And many more! Use social media to spread your net as wide as you possibly can and bring in new fans while catering to your existing customers, too. This can be done through basic announcements, short-form videos, neat images, and more. Social networks will also likely be your largest community areas. 

Slack (or other messaging apps)

Communication is at the forefront of building out your community and many communities live in messaging apps like Slack. In general, these are mostly used for staff members within a business but they are and should be part of your community, too

I have even seen some businesses include key investors, third-party collaborators, and some of the special consumers/fans (such as those who have subscribed at a certain Patreon tier) in Slack as well. This creates a sense of exclusivity to boost engagement. Even your business partners and collaborators should be considered part of your community. 

I would also throw in some other message boards and planning apps like Trello, Asana, and others here. They are more for the nitty-gritty of planning your content and ideas, but they can be a welcome community place, too. 


When it comes to messaging apps, there is one particular channel that I would like to highlight: Discord. This is single-handedly the most important community place in the modern age of the internet. It is highly underrated and ignored by so many businesses, which is a shame. 

Discord is still associated with certain subcultures like video game culture, but it has branched out to cover anything and everything. Discord is the home and future of online communities, and you would be remiss to ignore this place. 

This is where you show some love to your most dedicated fans and consumers. There are even some businesses that make Discord exclusive to only certain members of the community. 

It is where you can be the most human and personal with your customers, which ingrains them deeper in your culture and community. In fact, you can even tap into your most loyal members by making them moderators. 

Membership community platforms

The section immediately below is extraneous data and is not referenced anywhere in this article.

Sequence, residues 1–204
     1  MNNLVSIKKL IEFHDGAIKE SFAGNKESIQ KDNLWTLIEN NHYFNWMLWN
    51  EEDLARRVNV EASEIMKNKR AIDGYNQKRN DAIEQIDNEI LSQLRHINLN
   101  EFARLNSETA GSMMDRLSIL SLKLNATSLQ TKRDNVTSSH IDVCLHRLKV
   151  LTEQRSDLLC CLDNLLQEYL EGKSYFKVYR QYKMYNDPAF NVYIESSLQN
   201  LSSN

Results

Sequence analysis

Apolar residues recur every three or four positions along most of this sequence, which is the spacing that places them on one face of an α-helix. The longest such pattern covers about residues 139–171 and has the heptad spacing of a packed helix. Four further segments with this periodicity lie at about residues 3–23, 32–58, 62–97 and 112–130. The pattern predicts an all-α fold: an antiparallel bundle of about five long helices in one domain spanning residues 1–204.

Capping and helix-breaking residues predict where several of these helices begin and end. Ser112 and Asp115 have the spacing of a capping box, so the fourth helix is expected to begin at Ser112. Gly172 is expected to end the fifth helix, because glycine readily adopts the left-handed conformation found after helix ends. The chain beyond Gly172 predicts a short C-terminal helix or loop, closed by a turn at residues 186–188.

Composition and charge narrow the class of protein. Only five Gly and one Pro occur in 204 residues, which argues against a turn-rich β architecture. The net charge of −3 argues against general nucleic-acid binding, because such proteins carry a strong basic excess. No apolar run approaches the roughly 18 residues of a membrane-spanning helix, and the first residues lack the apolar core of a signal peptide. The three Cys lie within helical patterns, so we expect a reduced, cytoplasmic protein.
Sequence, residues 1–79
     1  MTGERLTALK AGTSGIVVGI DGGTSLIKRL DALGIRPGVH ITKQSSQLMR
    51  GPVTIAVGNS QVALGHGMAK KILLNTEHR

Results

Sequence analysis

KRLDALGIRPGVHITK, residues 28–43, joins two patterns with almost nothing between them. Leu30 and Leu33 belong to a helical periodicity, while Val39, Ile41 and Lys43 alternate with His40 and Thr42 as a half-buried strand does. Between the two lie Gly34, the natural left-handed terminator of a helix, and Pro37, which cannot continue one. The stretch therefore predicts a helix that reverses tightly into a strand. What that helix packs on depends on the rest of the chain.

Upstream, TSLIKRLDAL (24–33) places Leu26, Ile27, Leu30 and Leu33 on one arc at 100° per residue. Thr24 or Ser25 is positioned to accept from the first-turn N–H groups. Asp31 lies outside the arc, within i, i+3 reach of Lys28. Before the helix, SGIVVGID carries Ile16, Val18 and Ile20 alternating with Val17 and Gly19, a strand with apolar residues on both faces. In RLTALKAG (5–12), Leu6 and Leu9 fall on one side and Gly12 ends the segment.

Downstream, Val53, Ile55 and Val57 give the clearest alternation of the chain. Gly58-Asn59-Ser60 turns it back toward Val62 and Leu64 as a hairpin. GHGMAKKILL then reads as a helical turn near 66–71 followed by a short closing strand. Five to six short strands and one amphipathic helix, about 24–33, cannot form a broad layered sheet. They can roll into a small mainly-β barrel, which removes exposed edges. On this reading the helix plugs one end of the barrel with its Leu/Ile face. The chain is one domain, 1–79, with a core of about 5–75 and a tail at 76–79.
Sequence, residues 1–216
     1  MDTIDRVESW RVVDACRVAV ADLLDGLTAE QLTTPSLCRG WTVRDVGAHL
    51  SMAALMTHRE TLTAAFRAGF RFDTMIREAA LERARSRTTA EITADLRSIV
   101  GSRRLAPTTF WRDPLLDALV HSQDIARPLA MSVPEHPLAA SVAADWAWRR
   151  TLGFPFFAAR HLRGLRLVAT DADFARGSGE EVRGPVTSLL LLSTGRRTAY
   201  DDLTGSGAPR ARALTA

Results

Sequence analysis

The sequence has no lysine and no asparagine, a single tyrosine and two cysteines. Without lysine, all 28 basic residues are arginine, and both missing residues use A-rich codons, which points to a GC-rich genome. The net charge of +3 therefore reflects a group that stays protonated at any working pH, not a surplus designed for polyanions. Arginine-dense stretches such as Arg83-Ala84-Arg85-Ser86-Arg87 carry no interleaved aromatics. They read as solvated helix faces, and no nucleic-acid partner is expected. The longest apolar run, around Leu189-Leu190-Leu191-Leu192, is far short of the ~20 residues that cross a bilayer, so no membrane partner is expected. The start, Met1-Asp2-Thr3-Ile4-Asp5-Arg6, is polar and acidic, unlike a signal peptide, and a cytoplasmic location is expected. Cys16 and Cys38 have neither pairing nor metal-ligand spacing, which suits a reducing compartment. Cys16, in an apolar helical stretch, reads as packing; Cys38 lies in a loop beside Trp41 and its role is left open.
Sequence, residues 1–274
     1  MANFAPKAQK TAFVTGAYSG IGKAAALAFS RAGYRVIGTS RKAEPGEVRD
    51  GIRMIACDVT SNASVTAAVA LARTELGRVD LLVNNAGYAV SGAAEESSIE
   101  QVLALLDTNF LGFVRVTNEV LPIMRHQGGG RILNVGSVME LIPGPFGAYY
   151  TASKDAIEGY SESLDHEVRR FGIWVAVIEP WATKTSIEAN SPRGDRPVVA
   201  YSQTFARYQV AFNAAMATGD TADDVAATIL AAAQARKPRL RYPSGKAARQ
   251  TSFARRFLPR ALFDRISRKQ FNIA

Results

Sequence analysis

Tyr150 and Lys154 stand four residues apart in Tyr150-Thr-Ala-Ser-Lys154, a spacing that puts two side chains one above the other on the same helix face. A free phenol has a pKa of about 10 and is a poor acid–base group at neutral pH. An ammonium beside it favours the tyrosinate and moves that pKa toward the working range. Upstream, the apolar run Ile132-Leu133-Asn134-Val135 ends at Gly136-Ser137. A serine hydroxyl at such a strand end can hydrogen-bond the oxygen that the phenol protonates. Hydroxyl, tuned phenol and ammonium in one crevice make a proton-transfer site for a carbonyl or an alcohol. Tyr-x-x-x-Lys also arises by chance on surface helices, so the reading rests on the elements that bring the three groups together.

Lastly, we have one of the more burgeoning online community formats, and that is membership places. There are locations like Patreon, and are often smaller communities. 

Most of the time, Patreon and similar sites are essentially “gated” communities where you have to subscribe and spend a certain amount of money to get in. It is a business transaction, though, as these community members get exclusive content and perks that you won’t find elsewhere. 

The members who are willing to find you in these places and offer up funds to be part of this walled-off community will literally be the backbone of your business. 

There’s lots of software out there to help you set up your own membership community if something like Patreon doesn’t work for your needs. Find a list of the best online community platforms here.

How To Create An Online Community?

Sometimes a community creates itself through your fans and your job is solely to take the reins, but oftentimes, it is up to you to start the venture. 

In these cases, there are five main steps you need to know about when it comes to creating an online community:

  1. Figuring out your goal
  2. Picking what platforms you’re going to use
  3. Deciding how the community will work and any guidelines you’ll have
  4. Creating the branding and image that consumers associate with you and your business
  5. Taking that established community and promoting it elsewhere

Read more in-depth about each of these steps in creating an online community here. It is imperative that you start off on the right foot. Doing so will lay the necessary foundation from which your business can start to truly benefit from online communities. 

Benefits Of Online Communities